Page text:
Andover Townsman, Andover, MA

October 25, 2012

Dalton column: John Cole

Bill Dalton
The Andover Townsman

---- — John N. Cole was the father of the Andover Townsman. He was present at its birth, and he soon owned was sole owner of the paper and was its publisher, editor, and editorial writer.

On the Townsman’s “silver anniversary,” as he called it in 1912, Cole was still the boss and writing the editorials, as he would continue until his death 10 years later. One hundred years ago, on October 25, 1912, Cole wrote about the Townsman’s birth.

“Twenty five years ago, a weak struggling infant in the shape of a five column, eight-page newspaper was born and labeled the ‘Andover Townsman,’ and thus suggesting in its very name a closer communion among the citizens of Andover, it began a struggle to serve the best interests of Andover.”

Cole was active in state and local politics, and he was elected to the Great and General Court from 1903 to 1908, serving as speaker of the house in 1905. He stayed involved in state politics until his death.

He was one of the dominant voices at Andover’s town meetings, and in his editorials he would occasionally chastise a person who opposed his views but he did so in a thoughtful, if not entirely polite, manner. And he always gave his opponents the opportunity to write letters to the editor. Lest I leave a wrong impression, Cole was a brilliant, fair, hardworking man, who was among the most important people of his era in Andover.

His imprint on the town’s center is still exists. He built the ARCO (Andover Real Estate Company) building in 1907 and owned the Press Building on the corner of Main and Chestnut streets, which housed all three of his businesses: the Andover Townsman, the Andover Press, and the Andover Bookstore.

As for the Andover Townsman on its 25th anniversary, it resembled the first Townsman, which was so capably described by Susan McKelliget on these pages three weeks ago (her article can be found online at

The difference was that each year there was more local news and less national and international news.

Still, however, the paper was eight pages, as it had been from the beginning, and the front page was much the same as the first Townsmans: two columns were filled with advertisements, and three columns had newsy vignettes about townspeople.

Here follows examples of those vignettes on the front page of the Silver Anniversary Edition.

“John Runnells, who claimed he was a native of Andover, was arrested by the local police on Saturday night for drunkenness.”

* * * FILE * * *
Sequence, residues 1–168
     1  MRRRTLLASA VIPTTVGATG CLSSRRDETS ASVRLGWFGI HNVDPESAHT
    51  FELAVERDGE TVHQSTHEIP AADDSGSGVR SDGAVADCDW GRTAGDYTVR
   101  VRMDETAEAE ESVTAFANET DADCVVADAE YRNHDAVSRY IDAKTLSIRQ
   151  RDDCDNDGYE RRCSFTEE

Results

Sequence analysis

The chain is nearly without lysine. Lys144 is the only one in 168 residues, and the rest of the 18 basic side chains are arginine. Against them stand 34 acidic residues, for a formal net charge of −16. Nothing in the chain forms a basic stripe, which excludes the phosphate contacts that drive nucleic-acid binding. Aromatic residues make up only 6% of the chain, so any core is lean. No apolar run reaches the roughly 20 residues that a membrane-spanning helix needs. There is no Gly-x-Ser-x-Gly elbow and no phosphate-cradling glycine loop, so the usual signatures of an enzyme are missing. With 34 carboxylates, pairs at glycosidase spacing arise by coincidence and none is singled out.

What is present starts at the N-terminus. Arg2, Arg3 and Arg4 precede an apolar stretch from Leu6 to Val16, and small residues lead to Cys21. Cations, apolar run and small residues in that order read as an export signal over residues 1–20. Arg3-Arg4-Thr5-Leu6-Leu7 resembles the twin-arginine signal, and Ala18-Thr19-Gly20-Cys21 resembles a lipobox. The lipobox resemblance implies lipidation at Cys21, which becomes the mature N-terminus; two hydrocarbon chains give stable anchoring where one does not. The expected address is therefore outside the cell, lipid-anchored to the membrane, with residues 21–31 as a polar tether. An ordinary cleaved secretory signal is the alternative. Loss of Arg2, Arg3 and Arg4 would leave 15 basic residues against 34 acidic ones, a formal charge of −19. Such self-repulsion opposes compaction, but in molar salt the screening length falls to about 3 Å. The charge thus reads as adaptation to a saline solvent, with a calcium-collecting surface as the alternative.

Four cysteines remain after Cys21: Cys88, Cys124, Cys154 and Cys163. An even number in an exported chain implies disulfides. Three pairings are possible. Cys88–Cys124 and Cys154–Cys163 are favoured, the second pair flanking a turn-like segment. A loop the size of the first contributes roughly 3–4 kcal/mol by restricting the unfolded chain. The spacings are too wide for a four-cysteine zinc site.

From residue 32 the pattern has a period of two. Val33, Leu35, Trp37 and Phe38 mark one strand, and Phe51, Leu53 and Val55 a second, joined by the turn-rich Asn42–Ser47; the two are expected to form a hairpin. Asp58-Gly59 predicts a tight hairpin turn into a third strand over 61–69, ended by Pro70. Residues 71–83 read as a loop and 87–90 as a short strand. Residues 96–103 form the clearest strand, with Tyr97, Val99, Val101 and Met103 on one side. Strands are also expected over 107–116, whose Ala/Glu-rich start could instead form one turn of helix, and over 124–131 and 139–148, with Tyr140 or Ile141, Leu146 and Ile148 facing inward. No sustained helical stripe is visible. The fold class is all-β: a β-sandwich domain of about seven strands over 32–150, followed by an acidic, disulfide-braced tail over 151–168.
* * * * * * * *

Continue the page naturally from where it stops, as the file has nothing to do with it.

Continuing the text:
“The first meeting of the Public Teachers Association was held on Monday evening... the program included vocal selections by J. Everett Collins.”

“Several local boys have been located by the police as the parties who stole a large box of chewing gum from the Boston and Maine freight trains recently. After taking from the box all the gum they could possibly chew for some time, the youngsters hid the rest and they now claim that their hiding place had been discovered and the whole box stolen.”

“A soda fountain is being installed in the fruit store of P. Simeone and Company.”

“Mrs. M. E. Dalton and family have moved into a tenement recently vacated by Mrs. Ellen Main.” (M. E. Dalton was my grandmother, and she was four years a widow with four youngsters.)

The second and third pages were filled with national and international news and the fourth page was where Mr. Cole wrote his editorials. If he received letters, they would start nearby and continue to the next page. The rest of the paper was devoted to lots of advertising and local news. The churches, sections of town such as Abbot Village and Ballard Vale, Phillips and Abbot Academies, and news from nearby towns were all covered by volunteer reporters.

Engagements were announced, weddings described, and meetings of organizations were both announced and described. Sports from all over town, including box scores of private club teams from companies and organizations such as Smith and Dove and the Knights of Columbus were found in several places. Little of local interest was ignored.

Between 1912 and Cole’s death in 1922, he brought the Andover Townsman into the modern era and its appearance became much closer to today’s Townsman than 1912’s silver anniversary edition.

If, as John N. Cole wrote, the name “Andover Townsman” implied that the paper’s goal had been “a closer communion among the citizens of Andover,” it certainly was accomplishing that, and it still does 125 years after it all began.


Bill Dalton writes a weekly column for the Andover Townsman and his email address is